The surge in tourism post lockdown in the Himalayan states has been termed as ‘revenge tourism’ or ‘tourism with a vengeance.’ While the terms may sound novel the essence is certainly not.
It has been many decades since the systematic ravaging of the mountains began at the hands of multiple stakeholders. The tipping point was reached much before these terms were formulated. We were striking with a vengeance on someone who was actually our sworn benefactor. What blithe!
The Himalayas are at the apex of the entire geographical paraphernalia of our sub-continent. To call them a mere lifeline would also be an understatement.
They are very much a part of our social, cultural, religious and spiritual milieu. A certain element of inaccessibility and mystique was always inherent to them. It was meant to be respected.
The fabulous vistas were meant to manifest themselves not to the feeble hearted but to those who dared. They were to be earned at the cost of risking one’s lives.
Our forefathers with a spiritual bent of mind often found solace in the Himalayas. They would head to them on foot and put their survival instincts to test. After years of exemplary resilience and persistent meditation some chosen few would return enlightened to spread their wisdom.
The Himalayas since time immemorial are revered for being a harbinger of life. The perennial river system originates in them. But for them the phenomenon of monsoons would be missing. Besides all this, they instill a sense of pride.
Urdu poet Allama Iqbal calls them a sentinel guarding the nation. They present a multitude of fabulous sights to behold. To be among them is to connect with your soul. We are bound to place them on a sacred pedestal.
But what a fall! What were supposed to be sublime landscapes meant to be preserved for posterity are being systematically ravaged at the altar of development.
A one size fits all development approach is being applied to these fragile ecologies which in the real sense require a customized approach. A selective tourism model was required and not come all tourism model.
A sustained awareness campaign was required to make the populace aware about the tourism model that was on offer. Any tourism model without community involvement was bound to be catastrophic.
Fetching big names of hotel industry to Himalayan states and permitting them to construct hefty concrete eyesores means shutting your eyes to an impending disaster.
Another aspect that the government of these states need to thoroughly understand is that they should stop looking upon their states as prospective real estate.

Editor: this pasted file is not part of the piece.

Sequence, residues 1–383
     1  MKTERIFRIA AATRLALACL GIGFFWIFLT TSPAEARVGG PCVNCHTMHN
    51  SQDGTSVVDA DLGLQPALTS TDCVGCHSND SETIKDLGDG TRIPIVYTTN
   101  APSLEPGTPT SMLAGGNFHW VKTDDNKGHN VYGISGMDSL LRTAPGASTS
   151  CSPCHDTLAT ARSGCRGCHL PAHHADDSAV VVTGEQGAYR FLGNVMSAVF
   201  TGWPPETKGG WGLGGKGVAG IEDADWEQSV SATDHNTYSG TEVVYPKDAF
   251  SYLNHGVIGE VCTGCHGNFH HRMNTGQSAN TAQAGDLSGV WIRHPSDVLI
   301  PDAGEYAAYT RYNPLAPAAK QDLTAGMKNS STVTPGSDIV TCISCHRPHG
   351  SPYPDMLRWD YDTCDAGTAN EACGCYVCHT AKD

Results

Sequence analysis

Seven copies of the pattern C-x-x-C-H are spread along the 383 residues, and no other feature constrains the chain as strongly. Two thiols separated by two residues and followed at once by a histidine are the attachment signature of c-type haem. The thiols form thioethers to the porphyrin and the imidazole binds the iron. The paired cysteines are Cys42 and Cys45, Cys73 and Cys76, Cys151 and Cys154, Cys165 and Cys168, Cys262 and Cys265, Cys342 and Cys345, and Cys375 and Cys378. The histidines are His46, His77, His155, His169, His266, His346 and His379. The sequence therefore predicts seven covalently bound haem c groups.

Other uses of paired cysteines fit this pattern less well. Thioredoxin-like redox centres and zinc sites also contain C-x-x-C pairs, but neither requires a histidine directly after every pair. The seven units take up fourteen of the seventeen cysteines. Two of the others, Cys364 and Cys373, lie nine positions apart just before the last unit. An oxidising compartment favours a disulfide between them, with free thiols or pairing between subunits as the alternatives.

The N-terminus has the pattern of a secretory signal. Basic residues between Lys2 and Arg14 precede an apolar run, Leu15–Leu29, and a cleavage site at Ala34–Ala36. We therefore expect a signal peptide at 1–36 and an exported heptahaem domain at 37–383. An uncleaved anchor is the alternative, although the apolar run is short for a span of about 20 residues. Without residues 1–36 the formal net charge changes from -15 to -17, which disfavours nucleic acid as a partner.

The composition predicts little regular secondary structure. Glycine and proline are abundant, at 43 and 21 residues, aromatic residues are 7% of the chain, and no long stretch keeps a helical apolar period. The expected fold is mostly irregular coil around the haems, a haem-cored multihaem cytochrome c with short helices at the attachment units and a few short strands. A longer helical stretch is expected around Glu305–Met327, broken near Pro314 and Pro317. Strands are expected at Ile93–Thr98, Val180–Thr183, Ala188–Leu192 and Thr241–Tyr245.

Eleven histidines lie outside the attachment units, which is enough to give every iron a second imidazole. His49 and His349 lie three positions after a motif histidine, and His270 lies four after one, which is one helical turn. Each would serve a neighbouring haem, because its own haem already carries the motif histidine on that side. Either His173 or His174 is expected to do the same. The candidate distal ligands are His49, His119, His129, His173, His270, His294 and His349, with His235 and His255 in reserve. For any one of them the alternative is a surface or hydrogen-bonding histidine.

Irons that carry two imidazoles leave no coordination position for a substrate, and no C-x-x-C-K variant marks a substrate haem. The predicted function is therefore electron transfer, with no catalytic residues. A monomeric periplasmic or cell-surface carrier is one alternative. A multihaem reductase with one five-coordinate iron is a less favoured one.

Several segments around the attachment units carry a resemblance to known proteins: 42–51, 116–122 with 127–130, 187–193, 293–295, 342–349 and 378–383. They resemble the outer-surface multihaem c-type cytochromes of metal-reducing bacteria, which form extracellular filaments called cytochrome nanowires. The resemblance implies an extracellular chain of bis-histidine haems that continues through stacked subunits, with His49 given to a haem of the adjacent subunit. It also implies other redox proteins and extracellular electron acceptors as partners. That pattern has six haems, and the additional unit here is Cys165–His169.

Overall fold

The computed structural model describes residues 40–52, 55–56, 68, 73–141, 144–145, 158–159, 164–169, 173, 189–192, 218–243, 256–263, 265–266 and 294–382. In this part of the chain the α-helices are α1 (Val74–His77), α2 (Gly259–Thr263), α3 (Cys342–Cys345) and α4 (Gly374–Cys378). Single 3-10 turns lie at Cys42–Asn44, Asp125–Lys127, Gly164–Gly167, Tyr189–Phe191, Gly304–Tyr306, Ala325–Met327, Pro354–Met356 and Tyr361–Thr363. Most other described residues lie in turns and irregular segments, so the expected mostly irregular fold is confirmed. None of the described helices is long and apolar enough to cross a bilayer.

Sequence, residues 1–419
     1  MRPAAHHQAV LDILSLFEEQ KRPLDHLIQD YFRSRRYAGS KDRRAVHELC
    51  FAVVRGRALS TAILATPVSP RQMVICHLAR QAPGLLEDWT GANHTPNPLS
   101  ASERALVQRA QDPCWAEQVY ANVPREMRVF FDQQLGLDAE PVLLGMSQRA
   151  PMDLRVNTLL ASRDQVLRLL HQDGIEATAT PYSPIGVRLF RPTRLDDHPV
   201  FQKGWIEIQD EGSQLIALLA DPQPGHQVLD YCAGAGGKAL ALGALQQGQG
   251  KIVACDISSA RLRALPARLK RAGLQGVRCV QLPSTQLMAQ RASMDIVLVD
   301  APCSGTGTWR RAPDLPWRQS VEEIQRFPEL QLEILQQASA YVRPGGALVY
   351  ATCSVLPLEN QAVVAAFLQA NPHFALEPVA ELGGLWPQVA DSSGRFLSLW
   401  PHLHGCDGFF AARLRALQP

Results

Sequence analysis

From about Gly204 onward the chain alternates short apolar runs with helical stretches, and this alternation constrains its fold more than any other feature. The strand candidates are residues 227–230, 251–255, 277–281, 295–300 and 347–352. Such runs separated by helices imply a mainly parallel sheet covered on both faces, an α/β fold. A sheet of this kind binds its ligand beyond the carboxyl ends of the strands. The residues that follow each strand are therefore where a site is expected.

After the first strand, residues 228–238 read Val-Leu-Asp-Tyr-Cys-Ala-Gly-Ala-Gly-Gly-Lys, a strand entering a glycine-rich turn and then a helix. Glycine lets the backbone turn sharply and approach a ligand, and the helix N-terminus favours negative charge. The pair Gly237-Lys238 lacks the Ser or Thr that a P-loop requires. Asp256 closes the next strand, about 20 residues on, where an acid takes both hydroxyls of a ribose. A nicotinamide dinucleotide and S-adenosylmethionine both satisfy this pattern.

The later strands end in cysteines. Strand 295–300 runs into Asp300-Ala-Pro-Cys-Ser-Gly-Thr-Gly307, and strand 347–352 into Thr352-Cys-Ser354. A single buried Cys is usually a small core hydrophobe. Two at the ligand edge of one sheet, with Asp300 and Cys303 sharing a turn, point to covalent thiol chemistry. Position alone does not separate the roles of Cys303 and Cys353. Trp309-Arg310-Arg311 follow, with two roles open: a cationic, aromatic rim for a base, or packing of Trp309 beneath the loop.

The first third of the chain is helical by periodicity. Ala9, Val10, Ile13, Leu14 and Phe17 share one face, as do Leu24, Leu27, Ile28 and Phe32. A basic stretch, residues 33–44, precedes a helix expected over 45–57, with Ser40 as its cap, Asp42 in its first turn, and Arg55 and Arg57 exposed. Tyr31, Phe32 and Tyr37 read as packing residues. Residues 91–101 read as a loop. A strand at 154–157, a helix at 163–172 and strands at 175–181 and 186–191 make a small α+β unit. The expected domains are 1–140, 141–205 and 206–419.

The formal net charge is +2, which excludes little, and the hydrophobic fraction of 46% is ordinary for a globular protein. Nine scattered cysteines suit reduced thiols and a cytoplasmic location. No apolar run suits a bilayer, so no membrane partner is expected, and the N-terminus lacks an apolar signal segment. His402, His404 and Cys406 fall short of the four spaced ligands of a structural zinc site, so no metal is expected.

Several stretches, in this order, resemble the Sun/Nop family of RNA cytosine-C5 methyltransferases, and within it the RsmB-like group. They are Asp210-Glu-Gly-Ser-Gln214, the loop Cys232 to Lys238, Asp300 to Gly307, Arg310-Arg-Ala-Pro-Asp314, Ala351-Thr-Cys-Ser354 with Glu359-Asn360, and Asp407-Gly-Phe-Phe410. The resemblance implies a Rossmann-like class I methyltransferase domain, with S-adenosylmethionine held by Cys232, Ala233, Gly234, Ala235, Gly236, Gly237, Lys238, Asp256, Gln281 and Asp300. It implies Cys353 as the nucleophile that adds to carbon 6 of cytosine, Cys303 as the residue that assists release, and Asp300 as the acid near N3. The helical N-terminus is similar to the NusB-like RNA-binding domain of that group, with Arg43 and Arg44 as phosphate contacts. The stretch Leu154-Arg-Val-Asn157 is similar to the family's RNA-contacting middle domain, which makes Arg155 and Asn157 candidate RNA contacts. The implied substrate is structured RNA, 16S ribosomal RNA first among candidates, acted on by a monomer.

A second home in the hills, which a section of populace with disposable income yearns for, should only be allowed if it gels with the environs. The kind of towers that have been built and are also being sanctioned for future are a sure shot recipe for disaster. A bit of introspection and I am sure they can come up with better ideas for investment.
Having said what all I have stated above, it is very important to take a look at an average tourist’s psyche. With all the respectful and glaring exceptions, an average tourist’s behaviour is akin to an animal who has fled from the zoo.
Blame it on his everyday stress, when he lets himself loose, he is blatantly reckless. He guzzles booze much beyond the threshold of sobriety and indulges in rowdyism of the highest order. Playing blaring music in eco-sensitive zones also falls in this context.
He litters non-biodegradable waste unmindful of the fragile environs. He forgets that he is in reality a guest who should be behaving much more responsibly. Imagine the plain hill folks doing same at our native places. His misconception of expecting and carrying his plains lifestyle to the mountains is gruesome. He should learn to synchronize with the environs.
When he ascends, he should reconcile to that fact that his flashy upmarket consumerist ways are antithetical to the environs he is heading to. The in-sync hill architecture houses or dak bungalows of yore are the ones he should intend to stay. If there is any category of tourists the mountains should cater to, it should be experiential.
So, to succinct is to say, that governments of Himalayan states need to shed their market driven approach and the tourist its blatant consumerist approach. These might work anywhere but certainly not in these ecologically fragile regions.
Let us keep in mind at least the ecological disasters of very recent past. We have already ceded a lot of space and in no way afford to cede whatever is still in our possession.
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